Secure your Web transmissions with this Cloudeight Freeware Pick

By | July 19, 2013
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DNSCrypt
Encrypts DNS transmissions to and from your computer
Windows XP, Windows Vista, Windows 7, Windows 8
32bit and 64bit systems
1.00 MB Download

Before we say another word…this is a preview release. That means it may have some bugs to work out. If you’re not comfortable installing betas or preview releases, you won’t be comfortable with this. We’ve installed and tested it and it is very easy-to-install and virtually sets everything up automatically. It could not be simpler to install or use.

We have recommended OPEN DNS before, but it’s rather complicated for Windows beginners to set up. Now comes a new product from OPEN DNS, which not only sets up OPEN DNS automatically but also installs and enables DNSCrypt automatically. What it does it turns network traffic to and from your computer into encrypted transmissions, kind of like HTTPS does — that’s the secure sever protocol like your bank and other sites use to block eavesdropping, hacking, and password sniffers from intercepting traffic between your computer and a secure server.

DNSCrypt encrypts traffic between you and OPEN DNS servers and therefore between you and whatever site or internet-connected service (Email for example) you’re using. It seems to us like this is a good precaution for users to take to prevent any snooping, eavesdropping, etc. But let us say again, if you’re using simple passwords or one password for everything, encrypting transmissions between you and other computers and servers, isn’t going to help you at all.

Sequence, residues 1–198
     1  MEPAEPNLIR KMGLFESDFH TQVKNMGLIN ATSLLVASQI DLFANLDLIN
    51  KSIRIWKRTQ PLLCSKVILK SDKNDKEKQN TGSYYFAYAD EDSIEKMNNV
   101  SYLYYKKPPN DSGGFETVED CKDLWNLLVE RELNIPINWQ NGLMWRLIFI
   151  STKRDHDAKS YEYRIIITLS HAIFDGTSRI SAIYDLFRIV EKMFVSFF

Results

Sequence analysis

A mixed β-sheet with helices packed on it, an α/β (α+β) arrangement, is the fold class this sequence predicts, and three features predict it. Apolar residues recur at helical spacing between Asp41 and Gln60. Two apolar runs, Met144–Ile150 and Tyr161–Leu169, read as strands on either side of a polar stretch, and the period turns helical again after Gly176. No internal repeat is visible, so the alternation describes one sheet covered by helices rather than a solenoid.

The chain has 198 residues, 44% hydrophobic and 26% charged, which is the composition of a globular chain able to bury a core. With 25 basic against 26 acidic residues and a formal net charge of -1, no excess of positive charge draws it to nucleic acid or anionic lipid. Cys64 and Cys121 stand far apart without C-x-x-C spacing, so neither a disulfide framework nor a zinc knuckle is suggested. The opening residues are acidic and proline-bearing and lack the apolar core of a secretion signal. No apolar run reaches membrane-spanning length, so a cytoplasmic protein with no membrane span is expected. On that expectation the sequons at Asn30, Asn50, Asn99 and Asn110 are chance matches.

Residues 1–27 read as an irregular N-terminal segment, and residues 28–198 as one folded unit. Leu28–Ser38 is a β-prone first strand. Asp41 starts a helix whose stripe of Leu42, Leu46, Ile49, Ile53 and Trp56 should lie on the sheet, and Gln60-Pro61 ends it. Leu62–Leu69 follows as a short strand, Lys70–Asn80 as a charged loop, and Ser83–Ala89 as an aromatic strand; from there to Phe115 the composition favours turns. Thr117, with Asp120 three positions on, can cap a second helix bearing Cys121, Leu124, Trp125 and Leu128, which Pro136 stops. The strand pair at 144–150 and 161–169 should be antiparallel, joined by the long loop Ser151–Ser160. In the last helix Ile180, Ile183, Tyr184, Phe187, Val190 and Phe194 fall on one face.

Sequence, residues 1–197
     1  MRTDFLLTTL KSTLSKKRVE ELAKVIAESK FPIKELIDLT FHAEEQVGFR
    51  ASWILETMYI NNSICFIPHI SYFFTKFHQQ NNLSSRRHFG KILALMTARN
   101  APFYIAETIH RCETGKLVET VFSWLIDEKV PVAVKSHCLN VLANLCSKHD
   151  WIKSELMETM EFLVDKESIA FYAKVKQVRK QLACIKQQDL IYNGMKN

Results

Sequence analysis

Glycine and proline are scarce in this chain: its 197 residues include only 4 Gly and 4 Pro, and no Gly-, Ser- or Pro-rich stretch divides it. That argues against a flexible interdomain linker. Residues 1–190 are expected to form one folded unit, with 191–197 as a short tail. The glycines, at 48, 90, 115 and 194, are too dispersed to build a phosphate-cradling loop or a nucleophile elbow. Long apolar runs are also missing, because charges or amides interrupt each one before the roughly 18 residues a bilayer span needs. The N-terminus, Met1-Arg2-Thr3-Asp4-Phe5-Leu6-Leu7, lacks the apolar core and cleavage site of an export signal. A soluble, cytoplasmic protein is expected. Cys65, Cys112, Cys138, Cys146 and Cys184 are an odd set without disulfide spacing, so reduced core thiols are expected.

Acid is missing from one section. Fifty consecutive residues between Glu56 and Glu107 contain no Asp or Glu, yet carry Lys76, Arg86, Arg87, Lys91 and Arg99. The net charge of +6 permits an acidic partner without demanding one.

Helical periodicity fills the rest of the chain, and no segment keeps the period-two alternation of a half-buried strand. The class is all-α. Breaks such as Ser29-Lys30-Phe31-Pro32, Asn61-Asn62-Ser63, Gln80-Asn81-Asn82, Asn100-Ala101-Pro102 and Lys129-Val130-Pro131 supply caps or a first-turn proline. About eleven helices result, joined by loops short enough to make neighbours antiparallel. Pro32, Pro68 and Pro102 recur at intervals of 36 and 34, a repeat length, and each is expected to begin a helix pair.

DNSCrypt is just a simple and easy way for you to increase your online security and privacy. It’s not going to protect you from malware and it’s not going to protect you from yourself.

Normally we’d be knee-slapping our way through this, chortling and making you smile…but the developer of DNSCrypt has a lot of important information we’d like to impart — info that can help you understand better what DNSCrypt is and what it does. You have to decide if you’d like to increase your online privacy and security. I installed it today and check my Internet connection speed and found it to be as fast or faster after installing DNSCrypt. So if your worried about it affecting your blazing speed, don’t. See?

Cloudeight InfoAve
This is about what I average. I’m paying for 10Mbps, only getting 9. You think my ISP cares?

Here’s DNSCrypt’s Control Center

Cloudeight InfoAve

And now, here are some important words from the developer of DNSCrypt:

“…In the same way the SSL turns HTTP web traffic into HTTPS encrypted Web traffic, DNSCrypt turns regular DNS traffic into encrypted DNS traffic that is secure from eavesdropping and man-in-the-middle attacks. It doesn’t require any changes to domain names or how they work, it simply provides a method for securely encrypting communication between our customers and our DNS servers in our data centers. We know that claims alone don’t work in the security world, however, so we’ve opened up the source to our DNSCrypt code base and it’s available on GitHub.